What is going on in that country?
- 5-way political scene.
- provincial issues.
- economy and tourism.
- energy and transportation.
- religious fanaticism.
- inclusive, moderate islam & christianity.
Ok, what of the dynamic of rhetoric? The MB controlled Constitutional Assembly passed changes to Article 2 of the proposed Egyptian constitution. Here is the reaction of Salafis, who were supposed to be sharing power with the folks who just passed this addition...
Salafi leader: Text on Copts in constitution entrenches sectarianism
Damn! What the hell is going on here?Sheikh Sa’eed Abdel Azim, one of the Salafist Call leaders, accused on Tuesday the constitution-drafting body of entrenching sectarianism by adding a text that says, “Jews and Christians have the right to refer to their religious laws and appoint their spiritual leaders” to the second article of the constitution.
In a statement reported by the Middle East News Agency, Abdel Azim said he believes that this addition paves the way for foreign interference in Egypt’s internal affairs.
It was enough to say that Islamic Shari’a is the main source of legislation because it will consequently protect the rights of Christians and Jews in referring to their laws in personal affairs, he said.
Here's the originally proposed constitution, as article 2 has now been amended.
Last edited by grace; 24 Jul 12, at 20:00.
and the threat...let's see if the Salafis can mobilize like they promise:
Salafi-Brotherhood dispute over Article 2 of constitution escalates
Disagreements between the Salafi-oriented Nour Party and the Muslim Brotherhood's Freedom and Justice Party have escalated over the text of the second article of Egypt's anticipated constitution.
The Nour Party has threatened to withdraw from the Constituent Assembly tasked with drafting the constitution and to rally "millions" of opponents of the anticipated document if drafters fail to amend its second article, which stipulates that the "principles" of Islamic sharia are the main source of legislation.
The party insists on removing the word "principles", making Islamic sharia the main source of legislation and thus guaranteeing a more extensive application of Islamic law, but the FJP supports keeping the article as is.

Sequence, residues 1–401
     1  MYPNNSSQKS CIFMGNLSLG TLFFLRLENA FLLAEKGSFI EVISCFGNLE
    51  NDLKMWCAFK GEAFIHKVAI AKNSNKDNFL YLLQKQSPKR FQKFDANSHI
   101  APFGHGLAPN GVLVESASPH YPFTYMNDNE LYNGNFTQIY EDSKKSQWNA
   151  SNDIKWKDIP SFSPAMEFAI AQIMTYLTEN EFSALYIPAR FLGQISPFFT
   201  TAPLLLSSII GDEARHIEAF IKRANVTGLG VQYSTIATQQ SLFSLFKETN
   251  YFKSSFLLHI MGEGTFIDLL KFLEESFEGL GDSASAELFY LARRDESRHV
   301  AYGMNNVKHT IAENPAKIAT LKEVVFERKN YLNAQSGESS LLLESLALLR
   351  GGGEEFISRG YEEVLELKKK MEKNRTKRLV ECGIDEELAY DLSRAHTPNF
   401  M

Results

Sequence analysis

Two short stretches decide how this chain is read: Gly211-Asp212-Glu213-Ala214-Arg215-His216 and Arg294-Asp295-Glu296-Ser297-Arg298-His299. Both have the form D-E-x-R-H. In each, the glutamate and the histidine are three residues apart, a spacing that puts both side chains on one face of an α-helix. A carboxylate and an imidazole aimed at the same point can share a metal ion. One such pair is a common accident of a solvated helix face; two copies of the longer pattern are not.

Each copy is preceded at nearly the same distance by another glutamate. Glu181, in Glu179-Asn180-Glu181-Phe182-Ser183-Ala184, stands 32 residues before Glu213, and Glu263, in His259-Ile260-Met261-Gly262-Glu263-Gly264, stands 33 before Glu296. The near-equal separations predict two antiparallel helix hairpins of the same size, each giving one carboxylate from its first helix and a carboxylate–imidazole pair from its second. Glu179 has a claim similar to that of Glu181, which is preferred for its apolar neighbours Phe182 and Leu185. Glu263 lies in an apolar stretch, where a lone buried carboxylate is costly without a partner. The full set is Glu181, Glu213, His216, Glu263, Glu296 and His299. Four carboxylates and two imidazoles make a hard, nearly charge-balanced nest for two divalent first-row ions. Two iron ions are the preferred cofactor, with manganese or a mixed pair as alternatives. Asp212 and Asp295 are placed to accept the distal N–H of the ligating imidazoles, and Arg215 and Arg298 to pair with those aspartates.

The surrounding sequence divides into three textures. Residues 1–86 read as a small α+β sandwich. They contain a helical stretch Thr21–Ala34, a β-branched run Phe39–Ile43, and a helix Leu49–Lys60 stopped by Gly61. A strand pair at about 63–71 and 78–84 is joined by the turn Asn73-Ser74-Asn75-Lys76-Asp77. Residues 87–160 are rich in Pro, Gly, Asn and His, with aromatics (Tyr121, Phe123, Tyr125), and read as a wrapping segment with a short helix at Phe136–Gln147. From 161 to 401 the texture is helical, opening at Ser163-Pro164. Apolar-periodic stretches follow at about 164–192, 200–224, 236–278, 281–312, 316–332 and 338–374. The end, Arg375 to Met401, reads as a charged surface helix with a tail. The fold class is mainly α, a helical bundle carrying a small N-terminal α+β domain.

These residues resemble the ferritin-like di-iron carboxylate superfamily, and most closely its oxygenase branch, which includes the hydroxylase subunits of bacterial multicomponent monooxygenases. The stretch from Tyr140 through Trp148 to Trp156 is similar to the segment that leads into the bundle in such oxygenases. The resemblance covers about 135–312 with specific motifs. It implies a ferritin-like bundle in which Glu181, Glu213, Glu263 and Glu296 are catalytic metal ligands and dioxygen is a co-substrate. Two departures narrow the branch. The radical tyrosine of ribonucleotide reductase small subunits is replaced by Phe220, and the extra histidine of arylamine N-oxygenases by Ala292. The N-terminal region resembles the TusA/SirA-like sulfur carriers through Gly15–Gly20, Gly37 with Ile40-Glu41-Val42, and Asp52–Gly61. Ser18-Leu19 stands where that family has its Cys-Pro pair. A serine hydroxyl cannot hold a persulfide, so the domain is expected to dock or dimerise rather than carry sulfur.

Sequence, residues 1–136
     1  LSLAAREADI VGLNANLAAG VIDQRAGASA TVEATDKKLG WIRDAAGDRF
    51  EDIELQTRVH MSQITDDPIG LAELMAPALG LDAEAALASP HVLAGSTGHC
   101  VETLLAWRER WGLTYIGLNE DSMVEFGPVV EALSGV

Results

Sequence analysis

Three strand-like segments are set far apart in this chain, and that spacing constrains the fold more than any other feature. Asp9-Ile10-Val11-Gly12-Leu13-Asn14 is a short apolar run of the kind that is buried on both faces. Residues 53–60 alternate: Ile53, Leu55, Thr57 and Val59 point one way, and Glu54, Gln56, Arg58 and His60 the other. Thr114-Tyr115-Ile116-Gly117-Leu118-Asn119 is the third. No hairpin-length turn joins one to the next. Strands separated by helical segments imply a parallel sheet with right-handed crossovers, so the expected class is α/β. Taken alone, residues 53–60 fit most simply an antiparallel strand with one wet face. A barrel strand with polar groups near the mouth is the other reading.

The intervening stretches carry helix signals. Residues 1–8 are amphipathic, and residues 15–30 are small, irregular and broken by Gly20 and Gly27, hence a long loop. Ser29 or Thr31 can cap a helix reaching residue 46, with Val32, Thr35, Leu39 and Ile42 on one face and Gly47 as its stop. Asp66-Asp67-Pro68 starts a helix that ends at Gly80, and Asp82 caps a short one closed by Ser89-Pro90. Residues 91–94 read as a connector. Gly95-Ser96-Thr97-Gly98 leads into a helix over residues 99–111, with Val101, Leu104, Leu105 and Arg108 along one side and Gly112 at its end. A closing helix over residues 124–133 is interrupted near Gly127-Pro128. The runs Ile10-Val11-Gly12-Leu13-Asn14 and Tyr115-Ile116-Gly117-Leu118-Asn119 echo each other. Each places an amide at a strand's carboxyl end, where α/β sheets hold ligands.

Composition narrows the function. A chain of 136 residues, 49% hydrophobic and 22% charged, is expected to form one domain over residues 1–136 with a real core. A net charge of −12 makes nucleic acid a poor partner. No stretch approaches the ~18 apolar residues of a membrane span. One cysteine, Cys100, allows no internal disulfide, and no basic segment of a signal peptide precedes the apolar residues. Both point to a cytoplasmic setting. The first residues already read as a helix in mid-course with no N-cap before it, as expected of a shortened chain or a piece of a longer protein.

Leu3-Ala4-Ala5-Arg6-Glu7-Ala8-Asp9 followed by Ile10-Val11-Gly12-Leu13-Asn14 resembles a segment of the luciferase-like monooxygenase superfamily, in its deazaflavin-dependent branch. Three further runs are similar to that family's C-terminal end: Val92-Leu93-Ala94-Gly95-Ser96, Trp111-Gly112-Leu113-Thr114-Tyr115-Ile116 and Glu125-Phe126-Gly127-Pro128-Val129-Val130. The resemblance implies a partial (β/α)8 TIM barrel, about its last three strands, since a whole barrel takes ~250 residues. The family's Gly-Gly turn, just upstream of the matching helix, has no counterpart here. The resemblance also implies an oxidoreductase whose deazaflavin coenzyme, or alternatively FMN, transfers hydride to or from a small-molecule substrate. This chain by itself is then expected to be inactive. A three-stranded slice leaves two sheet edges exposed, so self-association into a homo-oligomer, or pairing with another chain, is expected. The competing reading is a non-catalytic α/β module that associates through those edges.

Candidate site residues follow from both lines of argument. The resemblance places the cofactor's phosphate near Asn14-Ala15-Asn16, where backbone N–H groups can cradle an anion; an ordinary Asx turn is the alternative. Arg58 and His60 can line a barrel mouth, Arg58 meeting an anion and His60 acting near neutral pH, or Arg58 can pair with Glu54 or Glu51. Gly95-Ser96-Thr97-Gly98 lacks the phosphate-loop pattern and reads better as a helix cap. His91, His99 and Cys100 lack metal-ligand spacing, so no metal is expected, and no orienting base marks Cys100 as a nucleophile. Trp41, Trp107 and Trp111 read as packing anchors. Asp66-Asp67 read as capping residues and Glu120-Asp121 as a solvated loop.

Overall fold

Senior Nour Party leader and constituent assembly member Younis Makhyoun told Al-Masry Al-Youm that Salafis will reject any constitution that is at odds with Sharia and maintains Article 2 in its current form.
Makhyoun said the failure to remove the word "principles" would give the chance to the Supreme Constitutional Court to interpret Sharia.
But Ali Abdel Fattah, an FJP leader, told Al-Masry Al-Youm that the Brotherhood opposes any change to the article, and added that the term "principles" involves all forms of justice and integrity.
more interesting hoohaa...
Infighting in Constituent Assembly as draft articles presented
The right to health article drafted by the committee stipulates that the state has a duty to offer medical care to all citizens regardless of their economic capabilities. Hospitals would be prohibited from denying emergency health services to citizens for financial reasons.
In the article discussing the right to work, the committee drafted a maximum and minimum wage for the public sector and determined that the constitution protects the right to strike, which is to be regulated by law.
The Independent and Supervisory Bodies Committee presented articles to ensure the independence of state institutions such as the Central Auditing Authority and the Central Bank.
Regarding the media, the committee proposed a professional body to regulate private media and a national body to run state media. Some members criticized the article, saying that it will lead to state control over the media, similar to the current system.
As for the Defense and National Security Committee, which is handling the controversial section of the constitution determining the military’s position, the committee’s head Mohamed Mohey el-Din said that the committee is close to reaching an agreement “that will not upset any of the sides.”
Mohey el-Din announced that the committee decided that the president will be the supreme commander of the armed forces while the minister of defense will be its general leader.
The committee proposed a national council, half civilian and half military, including the president, to attend to matters of national security.
The committee proposed to grant the president the power to declare war, with the consent of the national council and the parliament. Some members disagreed sharply with these proposals.
Finally, the Ruling System Committee announced that it was leaning towards an arrangement that distributes powers between the president and the cabinet.
There are currently 1 users browsing this thread. (0 members and 1 guests)